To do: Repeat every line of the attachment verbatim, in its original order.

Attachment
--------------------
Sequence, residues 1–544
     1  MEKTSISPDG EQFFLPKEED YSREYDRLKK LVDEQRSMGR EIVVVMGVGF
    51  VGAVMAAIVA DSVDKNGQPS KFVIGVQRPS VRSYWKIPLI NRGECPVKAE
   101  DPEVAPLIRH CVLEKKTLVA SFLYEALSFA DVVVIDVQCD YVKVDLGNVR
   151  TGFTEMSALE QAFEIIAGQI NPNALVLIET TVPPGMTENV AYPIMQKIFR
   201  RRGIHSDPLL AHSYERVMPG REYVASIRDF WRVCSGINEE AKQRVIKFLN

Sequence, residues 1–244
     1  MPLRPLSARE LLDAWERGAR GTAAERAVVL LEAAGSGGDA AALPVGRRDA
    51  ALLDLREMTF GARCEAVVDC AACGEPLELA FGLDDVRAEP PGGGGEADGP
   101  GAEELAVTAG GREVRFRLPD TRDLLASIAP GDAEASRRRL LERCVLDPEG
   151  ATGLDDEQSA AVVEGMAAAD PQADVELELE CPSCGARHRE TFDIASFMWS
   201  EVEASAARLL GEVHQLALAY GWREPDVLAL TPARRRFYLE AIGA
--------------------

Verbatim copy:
Sequence, residues 1–544
     1  MEKTSISPDG EQFFLPKEED YSREYDRLKK LVDEQRSMGR EIVVVMGVGF
    51  VGAVMAAIVA DSVDKNGQPS KFVIGVQRPS VRSYWKIPLI NRGECPVKAE
   101  DPEVAPLIRH CVLEKKTLVA SFLYEALSFA DVVVIDVQCD YVKVDLGNVR
   151  TGFTEMSALE QAFEIIAGQI NPNALVLIET TVPPGMTENV AYPIMQKIFR
   201  RRGIHSDPLL AHSYERVMPG REYVASIRDF WRVCSGINEE AKQRVIKFLN

Sequence, residues 1–244
     1  MPLRPLSARE LLDAWERGAR GTAAERAVVL LEAAGSGGDA AALPVGRRDA
    51  ALLDLREMTF GARCEAVVDC AACGEPLELA FGLDDVRAEP PGGGGEADGP
   101  GAEELAVTAG GREVRFRLPD TRDLLASIAP GDAEASRRRL LERCVLDPEG
   151  ATGLDDEQSA AVVEGMAAAD PQADVELELE CPSCGARHRE TFDIASFMWS
   201  EVEASAARLL GEVHQLALAY GWREPDVLAL TPARRRFYLE AIGA